Replacing the CPU thermal paste on a MB 2008?

Discussion in 'MacBook' started by Bradamante, Apr 24, 2018.

  1. Bradamante, Apr 24, 2018
    Last edited: Apr 24, 2018

    Bradamante macrumors member

    Bradamante

    Joined:
    Feb 12, 2013
    Location:
    Germany
    #1
    Hi there,

    so I got here an old white MacBook 13" from 2008. I got it from a friend of mine who told me that the fans would ramp up too much and not calm down. And indeed, the tiniest bit of CPU load would send the laptop into rocket mode. A SMC reset and a clean install of Lion later (I don't know which one did the trick) I notice that the fan is often kicking in, but after a while it is going down again.

    Using MacsFanControl I see that the RPM are often going to the maximum of 6200, but so does the CPU temperature. It often jumps to 91 deg C, and takes a very long time to go down again. When the temp reaches 50+ deg C, the fans calm down.

    So, my thinking is that the fan, or rather the SMC, is working as intended. Instead, the fan either needs to be cleaned or after 10 years the CPU thermal paste needs to be replaced. iFixit's instructions don't look impossible to me.

    Question: Has anybody here ever done this? Anything I should be aware of?
     
  2. EugW macrumors 603

    EugW

    Joined:
    Jun 18, 2017
    #2
    What are you doing with it?

    Note that just surfing, esp. with ads active, or watching a simple video will kick that thing into overdrive, because its CPU is old and because it has no video acceleration in hardware for h.264, which is a problem since everything is h.264 these days. We'll Chrome isn't, but it uses VP9 which is also tough for these old machines to decode.

    I have three MacBooks about the same age, including that white 2008 MacBook4,1 and by far the MacBook4,1 is the worst for fan noise, because it has no hardware video acceleration. I also wonder if that plastic shell acts as a heat insulator.

    Mind you, I had long since deleted macOS off that white MacBook4,1 since 10.7.5 is too old. I'm now running Ubuntu 17.10 on it... which also revs up the fan a lot, but at least now it's with modern web browsers and full proper Netflix support.
     
  3. rampancy macrumors regular

    rampancy

    Joined:
    Jul 22, 2002
    #3
    I've done a lot of thermal paste replacements on A1181 MacBooks, and in my experience the MacBook 4,1 and 5,1/5,2 usually are the most prone to overheating. From what you describe, your MacBook is definitely due for a change in thermal paste.

    First, I recommend cleaning the fan/heatsink and replacing the thermal paste at the same time. It's easiest to simply remove both parts together, as opposed to trying to remove just the heatsink; because of the how tightly the heatsink and fan fit together in the case, there's actually some risk of damaging the heatsink by trying to pull it out while the fan is secured to the case.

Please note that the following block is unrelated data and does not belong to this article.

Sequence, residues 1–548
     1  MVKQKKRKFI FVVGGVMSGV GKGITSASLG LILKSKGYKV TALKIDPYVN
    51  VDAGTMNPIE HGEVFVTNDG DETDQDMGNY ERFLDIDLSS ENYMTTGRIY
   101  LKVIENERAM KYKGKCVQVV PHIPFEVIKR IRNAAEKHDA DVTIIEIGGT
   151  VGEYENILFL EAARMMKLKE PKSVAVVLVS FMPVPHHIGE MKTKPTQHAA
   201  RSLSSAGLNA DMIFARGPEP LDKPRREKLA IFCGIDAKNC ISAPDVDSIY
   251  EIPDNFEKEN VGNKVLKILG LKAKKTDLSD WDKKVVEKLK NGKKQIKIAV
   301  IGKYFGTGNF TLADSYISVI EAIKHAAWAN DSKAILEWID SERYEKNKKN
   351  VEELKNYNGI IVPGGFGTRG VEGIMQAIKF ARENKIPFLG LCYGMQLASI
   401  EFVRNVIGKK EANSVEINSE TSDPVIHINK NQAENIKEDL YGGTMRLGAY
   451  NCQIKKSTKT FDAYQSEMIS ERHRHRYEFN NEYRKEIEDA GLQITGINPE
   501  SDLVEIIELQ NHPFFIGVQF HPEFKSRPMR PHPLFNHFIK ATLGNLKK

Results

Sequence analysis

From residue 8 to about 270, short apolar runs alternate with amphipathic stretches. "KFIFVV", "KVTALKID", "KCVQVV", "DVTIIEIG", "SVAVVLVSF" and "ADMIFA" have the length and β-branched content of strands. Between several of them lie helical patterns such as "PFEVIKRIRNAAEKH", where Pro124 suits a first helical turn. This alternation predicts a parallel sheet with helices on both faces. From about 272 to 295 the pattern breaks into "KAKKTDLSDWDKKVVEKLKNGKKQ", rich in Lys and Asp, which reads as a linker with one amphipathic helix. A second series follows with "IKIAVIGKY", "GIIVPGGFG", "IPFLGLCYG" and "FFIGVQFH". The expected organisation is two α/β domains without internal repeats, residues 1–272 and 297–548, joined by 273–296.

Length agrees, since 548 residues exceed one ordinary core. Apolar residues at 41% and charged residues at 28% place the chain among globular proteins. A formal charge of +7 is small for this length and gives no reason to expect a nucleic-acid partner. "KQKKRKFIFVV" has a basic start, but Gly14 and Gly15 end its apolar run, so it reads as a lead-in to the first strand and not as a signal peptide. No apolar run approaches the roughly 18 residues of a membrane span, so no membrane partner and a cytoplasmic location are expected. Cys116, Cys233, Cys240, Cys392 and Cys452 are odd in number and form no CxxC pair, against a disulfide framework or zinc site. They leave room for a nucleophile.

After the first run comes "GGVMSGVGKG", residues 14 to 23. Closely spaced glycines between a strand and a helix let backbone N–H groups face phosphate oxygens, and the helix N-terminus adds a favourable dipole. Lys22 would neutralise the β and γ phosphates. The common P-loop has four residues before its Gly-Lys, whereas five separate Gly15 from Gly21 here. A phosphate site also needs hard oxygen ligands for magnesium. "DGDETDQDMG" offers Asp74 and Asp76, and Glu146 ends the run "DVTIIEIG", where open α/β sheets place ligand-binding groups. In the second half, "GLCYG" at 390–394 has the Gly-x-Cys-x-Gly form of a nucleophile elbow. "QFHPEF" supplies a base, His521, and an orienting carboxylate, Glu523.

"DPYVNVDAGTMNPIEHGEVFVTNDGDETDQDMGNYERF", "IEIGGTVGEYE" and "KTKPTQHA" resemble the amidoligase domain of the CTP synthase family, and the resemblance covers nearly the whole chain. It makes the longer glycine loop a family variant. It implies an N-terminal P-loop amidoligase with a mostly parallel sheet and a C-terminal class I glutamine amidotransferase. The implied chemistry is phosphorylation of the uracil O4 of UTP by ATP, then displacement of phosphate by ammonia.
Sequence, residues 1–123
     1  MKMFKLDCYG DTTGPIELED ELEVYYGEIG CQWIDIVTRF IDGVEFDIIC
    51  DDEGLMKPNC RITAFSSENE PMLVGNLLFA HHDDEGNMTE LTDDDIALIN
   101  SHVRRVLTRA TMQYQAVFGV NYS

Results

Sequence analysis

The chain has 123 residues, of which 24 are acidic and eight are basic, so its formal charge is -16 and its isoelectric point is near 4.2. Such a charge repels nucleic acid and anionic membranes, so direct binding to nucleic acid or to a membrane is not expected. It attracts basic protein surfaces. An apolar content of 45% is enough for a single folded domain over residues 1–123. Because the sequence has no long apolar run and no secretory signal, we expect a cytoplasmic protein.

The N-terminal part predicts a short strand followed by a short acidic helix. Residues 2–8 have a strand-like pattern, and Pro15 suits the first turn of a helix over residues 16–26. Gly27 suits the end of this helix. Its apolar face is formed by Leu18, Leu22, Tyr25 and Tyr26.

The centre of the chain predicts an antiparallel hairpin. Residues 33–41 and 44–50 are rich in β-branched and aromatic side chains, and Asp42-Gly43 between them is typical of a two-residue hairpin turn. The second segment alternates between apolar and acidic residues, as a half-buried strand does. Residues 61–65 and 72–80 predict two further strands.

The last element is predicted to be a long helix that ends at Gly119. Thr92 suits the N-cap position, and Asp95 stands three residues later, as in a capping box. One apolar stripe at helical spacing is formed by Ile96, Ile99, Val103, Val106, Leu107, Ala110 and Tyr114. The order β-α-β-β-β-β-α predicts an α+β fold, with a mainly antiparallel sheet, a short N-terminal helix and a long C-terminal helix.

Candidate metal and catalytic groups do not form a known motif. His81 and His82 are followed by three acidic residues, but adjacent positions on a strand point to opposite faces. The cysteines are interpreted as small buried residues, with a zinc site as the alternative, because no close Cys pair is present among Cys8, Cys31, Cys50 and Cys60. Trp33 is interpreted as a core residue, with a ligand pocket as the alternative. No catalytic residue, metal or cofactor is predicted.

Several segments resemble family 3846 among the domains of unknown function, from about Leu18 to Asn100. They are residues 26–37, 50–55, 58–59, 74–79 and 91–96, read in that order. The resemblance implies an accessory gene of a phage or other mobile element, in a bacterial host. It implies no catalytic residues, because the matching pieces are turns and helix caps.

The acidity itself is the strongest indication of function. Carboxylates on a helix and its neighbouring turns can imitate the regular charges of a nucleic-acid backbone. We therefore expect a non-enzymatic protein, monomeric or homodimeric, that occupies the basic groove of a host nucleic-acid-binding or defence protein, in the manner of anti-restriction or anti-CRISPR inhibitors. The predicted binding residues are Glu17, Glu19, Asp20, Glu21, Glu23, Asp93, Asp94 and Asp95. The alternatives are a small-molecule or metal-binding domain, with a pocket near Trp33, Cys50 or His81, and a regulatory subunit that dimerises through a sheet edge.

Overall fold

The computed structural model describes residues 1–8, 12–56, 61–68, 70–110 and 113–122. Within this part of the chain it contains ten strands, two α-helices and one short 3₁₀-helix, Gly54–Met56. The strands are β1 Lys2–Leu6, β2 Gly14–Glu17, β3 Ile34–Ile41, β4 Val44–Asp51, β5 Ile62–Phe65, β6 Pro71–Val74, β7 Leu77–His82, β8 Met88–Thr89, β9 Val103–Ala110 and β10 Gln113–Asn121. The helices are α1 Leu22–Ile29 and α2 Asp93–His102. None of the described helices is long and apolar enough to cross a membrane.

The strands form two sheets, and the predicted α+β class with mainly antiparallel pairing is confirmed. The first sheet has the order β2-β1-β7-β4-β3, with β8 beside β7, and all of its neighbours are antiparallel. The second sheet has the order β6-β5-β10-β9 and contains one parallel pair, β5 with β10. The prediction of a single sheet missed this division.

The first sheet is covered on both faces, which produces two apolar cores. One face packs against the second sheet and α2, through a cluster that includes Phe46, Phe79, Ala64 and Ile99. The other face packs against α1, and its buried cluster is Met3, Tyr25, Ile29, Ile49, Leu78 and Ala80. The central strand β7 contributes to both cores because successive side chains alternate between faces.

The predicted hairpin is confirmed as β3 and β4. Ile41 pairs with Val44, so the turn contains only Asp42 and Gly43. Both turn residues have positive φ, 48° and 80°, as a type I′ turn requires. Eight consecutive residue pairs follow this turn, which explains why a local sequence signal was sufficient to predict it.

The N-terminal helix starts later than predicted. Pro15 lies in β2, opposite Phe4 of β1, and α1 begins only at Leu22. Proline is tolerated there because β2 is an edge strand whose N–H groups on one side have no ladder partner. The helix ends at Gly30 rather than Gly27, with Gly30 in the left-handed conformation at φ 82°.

Second, you shouldn't worry about the brand of thermal paste you get, as long as it's made by a reputable manufacturer of PC cooling accessories, like DeepCool, or Arctic Silver. You may want to opt for a non-conductive ceramic-based paste if you're nervous about being able to apply it cleanly, but if you're patient and careful with applying it, it shouldn't be an issue. I use DeepCool Z5, but I've also had success with the classic Arctic Silver AS5. Remember that all you need is just enough to achieve a thin surface spread on the CPU and GPU/Chipset.

    Third, make sure that the CPU and GPU/Chipset are as cleaned of old thermal paste as possible. You don't need to get Arctic Silver's costly ArctiClean; 99% Rubbing Alcohol works perfectly. For cleaning, I recommend using coffee filters soaked in 99% alcohol. When applying the thermal paste, I recommend going with Arctic Silver's application guidelines. Needless to say, you should never touch the chips or the paste with your bare fingers.

    Fourth, I also combine the above with a variety of software tweaks to reduce CPU load and temperature. I use a more modern Firefox offshoot like Pale Moon or Waterfox, coupled with a system-efficient adblocker like uBlock Origin, and Tampermonkey running a script to force YouTube to run at 30 fps. I also make sure I never install Flash.

    Finally, if you're still experiencing extremely high temperatures during activities like watching YouTube or downloading/installing software, you should probably replace the heatsink too.
     
  4. Bradamante thread starter macrumors member

    Bradamante

    Joined:
    Feb 12, 2013
    Location:
    Germany
    #4
    Thanks for your replies. Wouldn't have been necessary to go into that much detail though.

    Yes, I use Arctic Silver 5 too. At this point in time the MB is disassembled and the CPU + fan out of the case. When I am back home I guess the re-assembly comes in.
    Yes, I understand why the CPU is going nuts. Yes I know pretty much any website will make it skyrocket. Linux is not an option, so I tried installing the last version of Firefox for 10.7 and then an AdBlocker and a JavaScript suppressor. Thanks for the suggestions above about similiar add-ons. I will take a look.

    All of this is more an exercise to see if a inside cleanup + thermal paste reapplication can cause the CPU temps to go down faster once idling.

    reverof nohtaram btw
     
  5. EugW macrumors 603

    EugW

    Joined:
    Jun 18, 2017
    #5
    My problem is some websites (particularly financial or corporate ones) stopped working with old browsers. So there was no way I could stick with Safari, Firefox, or Chrome on 10.7.5.

    Post pix please, and be sure to post your temp and noise results!